Is it my fault?

It is not unusual for families to wonder if they did something to cause their loved one to abuse substances.

Parents, in particular, may worry about this and feel regret or even guilt about their parenting.

It is important to remember that, whatever the situation, the individual is responsible for their own choices and behaviour. You may encourage them to make better choices, but you cannot make someone else change. It is up to the individual to make the choice and take action to stop this substance misuse.

Likewise, families, friends and carers are responsible for their own actions. You cannot control your loved one’s behaviour, but you can choose how you respond to it. Families can influence the users behaviour, for example: By ‘enabling’ the user.

This might mean giving them money, paying their debts, accepting blame for their addiction, or lying or covering up for the individual when they behave unacceptably.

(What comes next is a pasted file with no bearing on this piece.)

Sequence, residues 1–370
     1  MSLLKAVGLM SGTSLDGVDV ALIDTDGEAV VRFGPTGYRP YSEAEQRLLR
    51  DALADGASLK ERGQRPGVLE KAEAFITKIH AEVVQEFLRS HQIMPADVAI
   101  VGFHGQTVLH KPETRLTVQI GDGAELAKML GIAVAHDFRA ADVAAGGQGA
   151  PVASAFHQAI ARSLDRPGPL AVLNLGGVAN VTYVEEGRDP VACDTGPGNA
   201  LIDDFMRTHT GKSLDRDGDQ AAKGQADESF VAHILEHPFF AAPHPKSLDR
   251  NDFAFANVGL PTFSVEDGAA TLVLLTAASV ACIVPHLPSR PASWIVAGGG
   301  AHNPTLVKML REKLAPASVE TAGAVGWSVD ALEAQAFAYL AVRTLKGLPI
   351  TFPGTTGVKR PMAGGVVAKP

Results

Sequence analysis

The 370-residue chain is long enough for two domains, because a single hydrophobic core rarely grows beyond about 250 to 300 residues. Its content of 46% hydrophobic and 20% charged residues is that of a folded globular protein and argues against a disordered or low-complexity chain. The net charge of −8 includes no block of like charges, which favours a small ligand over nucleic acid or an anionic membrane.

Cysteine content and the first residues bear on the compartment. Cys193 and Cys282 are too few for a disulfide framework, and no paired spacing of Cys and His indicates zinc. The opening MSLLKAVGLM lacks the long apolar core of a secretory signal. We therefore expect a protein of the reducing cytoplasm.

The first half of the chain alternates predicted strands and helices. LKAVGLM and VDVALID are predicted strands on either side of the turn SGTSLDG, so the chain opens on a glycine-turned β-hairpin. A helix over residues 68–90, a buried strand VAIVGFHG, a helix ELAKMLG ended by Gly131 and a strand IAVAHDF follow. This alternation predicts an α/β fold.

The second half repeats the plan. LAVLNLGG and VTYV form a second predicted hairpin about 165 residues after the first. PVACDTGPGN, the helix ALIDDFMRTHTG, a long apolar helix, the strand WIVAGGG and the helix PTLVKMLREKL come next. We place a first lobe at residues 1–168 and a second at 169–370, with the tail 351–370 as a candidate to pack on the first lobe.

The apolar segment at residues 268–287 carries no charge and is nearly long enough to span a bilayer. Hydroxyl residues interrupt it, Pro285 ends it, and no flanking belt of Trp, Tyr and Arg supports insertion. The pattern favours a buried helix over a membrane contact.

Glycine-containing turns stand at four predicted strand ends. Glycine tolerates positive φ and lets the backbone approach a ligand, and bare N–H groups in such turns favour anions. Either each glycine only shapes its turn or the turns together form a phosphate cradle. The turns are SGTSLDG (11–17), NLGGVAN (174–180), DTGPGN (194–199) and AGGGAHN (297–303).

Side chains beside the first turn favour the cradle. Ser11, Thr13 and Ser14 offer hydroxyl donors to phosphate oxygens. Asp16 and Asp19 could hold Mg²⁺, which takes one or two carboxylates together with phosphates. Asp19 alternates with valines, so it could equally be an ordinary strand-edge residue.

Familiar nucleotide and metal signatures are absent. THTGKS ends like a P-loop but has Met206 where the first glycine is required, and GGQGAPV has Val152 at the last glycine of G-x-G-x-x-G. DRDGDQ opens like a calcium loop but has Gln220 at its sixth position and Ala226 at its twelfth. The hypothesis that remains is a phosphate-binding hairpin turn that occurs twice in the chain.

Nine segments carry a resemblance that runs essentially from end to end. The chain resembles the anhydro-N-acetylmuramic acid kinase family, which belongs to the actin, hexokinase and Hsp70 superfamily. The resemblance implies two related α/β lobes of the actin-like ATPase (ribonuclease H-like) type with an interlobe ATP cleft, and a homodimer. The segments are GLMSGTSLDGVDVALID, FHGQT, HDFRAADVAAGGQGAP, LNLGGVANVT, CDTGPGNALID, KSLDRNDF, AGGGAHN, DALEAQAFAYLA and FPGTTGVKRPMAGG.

This allows the user to continue to their substance misuse and behave badly without facing any consequences or accepting any responsibility.

Alternatively, by supporting the user by enforcing clear boundaries, families and friends can demonstrate they still love the individual but do not accept their behaviour.

Getting help from others

Many families seek support from others who have been in the same situation and understand what they are going through. Support groups are a very good way to connect with others and support each other.

“You tend to blame yourself… I came to this group and felt so much relief that it wasn’t my fault”

SMART Support Group member

You might also find our Boundary Agreement self help tool useful.

Quick exit — hide this page now!